Re: Really Long Range Commercial Transport

From:         plisner@mti.mti.sgi.com (Peter Lisner)
Organization: Silicon Graphics Inc.
Date:         20 May 94 01:58:42 
References:   1 2 3
Next article
View raw article
  or MIME structure

In article <airliners.1994.1237@ohare.Chicago.COM>,
Ned Kittlitz <kittlitz@seagoon.sw.stratus.com> wrote:
>
>I believe there are multiple flightdeck crews on very long flights. Is this
>true? what are the average/maximum-permitted shifts? How does the on-duty
>clock run for these people. (Isn't the limit usually 80 hrs per month?)
>
>I'm not sure I'd want to fly with a pilot who had been sitting around
>in an aluminum tube for 16 hours before going to work.
>
>-----
>E. N. Kittlitz  (kittlitz@sw.stratus.com, kittlitz@world.std.com)
>consulting at Stratus, not representing their positions.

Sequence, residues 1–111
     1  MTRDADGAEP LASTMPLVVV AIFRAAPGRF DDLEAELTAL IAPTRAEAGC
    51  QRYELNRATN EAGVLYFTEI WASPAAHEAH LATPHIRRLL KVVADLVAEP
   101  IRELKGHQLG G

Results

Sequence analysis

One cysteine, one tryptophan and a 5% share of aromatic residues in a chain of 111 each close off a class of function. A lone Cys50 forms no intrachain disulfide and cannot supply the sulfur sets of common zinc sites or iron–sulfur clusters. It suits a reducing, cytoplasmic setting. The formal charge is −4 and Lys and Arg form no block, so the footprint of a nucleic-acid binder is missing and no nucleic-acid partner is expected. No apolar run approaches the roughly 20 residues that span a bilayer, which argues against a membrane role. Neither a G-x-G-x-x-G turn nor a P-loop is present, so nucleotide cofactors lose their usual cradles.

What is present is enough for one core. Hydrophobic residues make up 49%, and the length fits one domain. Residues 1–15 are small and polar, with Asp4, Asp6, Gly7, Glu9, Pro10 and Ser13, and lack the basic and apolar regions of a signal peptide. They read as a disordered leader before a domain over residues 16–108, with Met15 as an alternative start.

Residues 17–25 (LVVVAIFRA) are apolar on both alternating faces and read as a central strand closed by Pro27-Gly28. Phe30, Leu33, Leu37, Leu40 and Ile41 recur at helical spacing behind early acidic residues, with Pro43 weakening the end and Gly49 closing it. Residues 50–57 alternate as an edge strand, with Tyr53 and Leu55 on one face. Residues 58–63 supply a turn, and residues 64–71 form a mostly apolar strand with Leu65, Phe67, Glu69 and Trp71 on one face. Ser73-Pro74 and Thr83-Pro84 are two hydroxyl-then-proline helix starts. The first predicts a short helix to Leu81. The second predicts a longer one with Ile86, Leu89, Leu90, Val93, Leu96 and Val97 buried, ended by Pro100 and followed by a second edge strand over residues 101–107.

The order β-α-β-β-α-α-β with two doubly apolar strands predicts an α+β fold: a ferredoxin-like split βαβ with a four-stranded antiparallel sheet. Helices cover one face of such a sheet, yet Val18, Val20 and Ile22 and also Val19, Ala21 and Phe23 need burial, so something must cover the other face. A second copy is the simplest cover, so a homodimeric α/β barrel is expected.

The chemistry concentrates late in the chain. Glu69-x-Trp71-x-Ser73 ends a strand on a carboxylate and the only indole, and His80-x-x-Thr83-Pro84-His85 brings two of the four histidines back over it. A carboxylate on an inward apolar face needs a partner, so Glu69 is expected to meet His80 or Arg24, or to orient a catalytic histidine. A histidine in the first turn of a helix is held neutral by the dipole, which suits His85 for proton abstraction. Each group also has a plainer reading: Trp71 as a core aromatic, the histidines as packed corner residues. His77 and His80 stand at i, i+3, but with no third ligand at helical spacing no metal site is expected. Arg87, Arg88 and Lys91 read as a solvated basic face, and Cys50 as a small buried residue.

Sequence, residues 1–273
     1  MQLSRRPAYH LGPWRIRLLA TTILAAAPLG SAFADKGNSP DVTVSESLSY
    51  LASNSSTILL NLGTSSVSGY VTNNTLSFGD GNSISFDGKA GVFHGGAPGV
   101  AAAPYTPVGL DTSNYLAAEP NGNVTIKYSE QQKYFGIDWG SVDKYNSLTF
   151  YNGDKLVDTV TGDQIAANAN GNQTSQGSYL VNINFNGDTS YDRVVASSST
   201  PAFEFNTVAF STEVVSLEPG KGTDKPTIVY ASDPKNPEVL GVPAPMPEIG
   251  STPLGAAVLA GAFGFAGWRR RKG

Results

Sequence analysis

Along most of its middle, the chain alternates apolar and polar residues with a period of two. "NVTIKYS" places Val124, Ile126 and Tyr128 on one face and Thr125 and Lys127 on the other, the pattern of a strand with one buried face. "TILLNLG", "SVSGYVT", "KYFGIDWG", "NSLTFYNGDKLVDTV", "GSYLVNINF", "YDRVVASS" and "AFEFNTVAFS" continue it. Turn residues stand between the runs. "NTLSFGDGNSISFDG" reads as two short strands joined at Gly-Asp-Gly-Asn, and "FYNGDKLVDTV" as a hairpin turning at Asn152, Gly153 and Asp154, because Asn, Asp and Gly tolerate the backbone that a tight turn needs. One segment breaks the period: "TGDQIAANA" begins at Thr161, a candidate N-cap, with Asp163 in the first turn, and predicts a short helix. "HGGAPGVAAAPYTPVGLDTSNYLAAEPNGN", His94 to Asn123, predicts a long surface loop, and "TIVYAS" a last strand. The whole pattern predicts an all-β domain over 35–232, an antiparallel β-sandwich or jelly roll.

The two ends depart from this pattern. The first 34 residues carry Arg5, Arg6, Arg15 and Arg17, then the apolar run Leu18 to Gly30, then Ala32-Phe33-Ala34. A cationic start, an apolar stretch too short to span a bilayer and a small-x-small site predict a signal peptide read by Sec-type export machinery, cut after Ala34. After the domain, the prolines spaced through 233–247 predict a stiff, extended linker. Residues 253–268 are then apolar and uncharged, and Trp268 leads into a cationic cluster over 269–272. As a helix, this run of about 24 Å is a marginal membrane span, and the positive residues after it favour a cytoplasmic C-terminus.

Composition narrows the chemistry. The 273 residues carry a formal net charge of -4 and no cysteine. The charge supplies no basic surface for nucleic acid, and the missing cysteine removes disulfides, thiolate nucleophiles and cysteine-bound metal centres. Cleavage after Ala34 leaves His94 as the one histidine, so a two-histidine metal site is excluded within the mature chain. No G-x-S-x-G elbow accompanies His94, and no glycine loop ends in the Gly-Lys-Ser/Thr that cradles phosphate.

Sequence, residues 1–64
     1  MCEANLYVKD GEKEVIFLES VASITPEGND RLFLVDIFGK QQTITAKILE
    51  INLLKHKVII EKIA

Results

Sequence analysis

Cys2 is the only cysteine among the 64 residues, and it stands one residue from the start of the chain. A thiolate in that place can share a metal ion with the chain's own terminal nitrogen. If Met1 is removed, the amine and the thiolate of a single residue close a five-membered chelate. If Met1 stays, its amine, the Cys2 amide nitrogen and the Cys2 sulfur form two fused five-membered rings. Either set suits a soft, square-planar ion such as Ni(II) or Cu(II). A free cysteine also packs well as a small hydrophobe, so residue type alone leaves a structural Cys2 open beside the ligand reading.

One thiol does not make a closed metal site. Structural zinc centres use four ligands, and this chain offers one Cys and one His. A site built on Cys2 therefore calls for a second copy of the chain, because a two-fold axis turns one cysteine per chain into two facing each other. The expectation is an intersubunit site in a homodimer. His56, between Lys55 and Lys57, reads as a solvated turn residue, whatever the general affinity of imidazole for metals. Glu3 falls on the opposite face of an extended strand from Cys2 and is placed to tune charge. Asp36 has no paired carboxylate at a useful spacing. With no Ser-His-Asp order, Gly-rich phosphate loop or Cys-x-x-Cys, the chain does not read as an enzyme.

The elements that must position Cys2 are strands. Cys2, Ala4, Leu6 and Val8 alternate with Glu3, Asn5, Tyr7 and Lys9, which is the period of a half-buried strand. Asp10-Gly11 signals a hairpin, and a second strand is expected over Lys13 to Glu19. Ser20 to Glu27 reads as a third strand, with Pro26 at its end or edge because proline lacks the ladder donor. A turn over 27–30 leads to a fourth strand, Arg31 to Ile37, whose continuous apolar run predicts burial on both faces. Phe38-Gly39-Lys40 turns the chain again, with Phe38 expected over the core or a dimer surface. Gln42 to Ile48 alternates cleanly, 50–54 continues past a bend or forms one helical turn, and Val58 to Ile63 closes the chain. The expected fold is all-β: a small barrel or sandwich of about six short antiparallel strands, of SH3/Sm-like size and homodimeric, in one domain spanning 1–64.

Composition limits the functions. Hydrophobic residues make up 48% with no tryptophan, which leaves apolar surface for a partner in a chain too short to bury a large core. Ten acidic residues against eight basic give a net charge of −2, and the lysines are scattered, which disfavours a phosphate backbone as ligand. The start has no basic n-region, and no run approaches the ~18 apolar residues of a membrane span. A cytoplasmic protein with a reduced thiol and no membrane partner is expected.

>

On British Airways 747-400 flights over 12 hours, they carry two
complete crews (Captain and First Officer). The first crew is
called the "operating crew",and they do the take-off and up to the
first 6 hours of flight. They then rest for the next 5 or 6 hours,
andthe "heavy crew" takes over. There are bunks for the crew just
behind the flight deck. The operating crew then takes over for the
last hour or so of the flight. I got this from a very interesting book
called "London-Sydney" by Philip J. Birtles, which is no. 8 in the
"From the Flightdeck" series, published in 1993 by Ian Allan. The book
and others from the series are listed in the "Airliners" catalog.

All opinions are mine, not SGI's.

--
Peter Lisner                    
e-mail: plisner@mti.sgi.com
phone : (415)390-4419
Silicon Graphics Inc.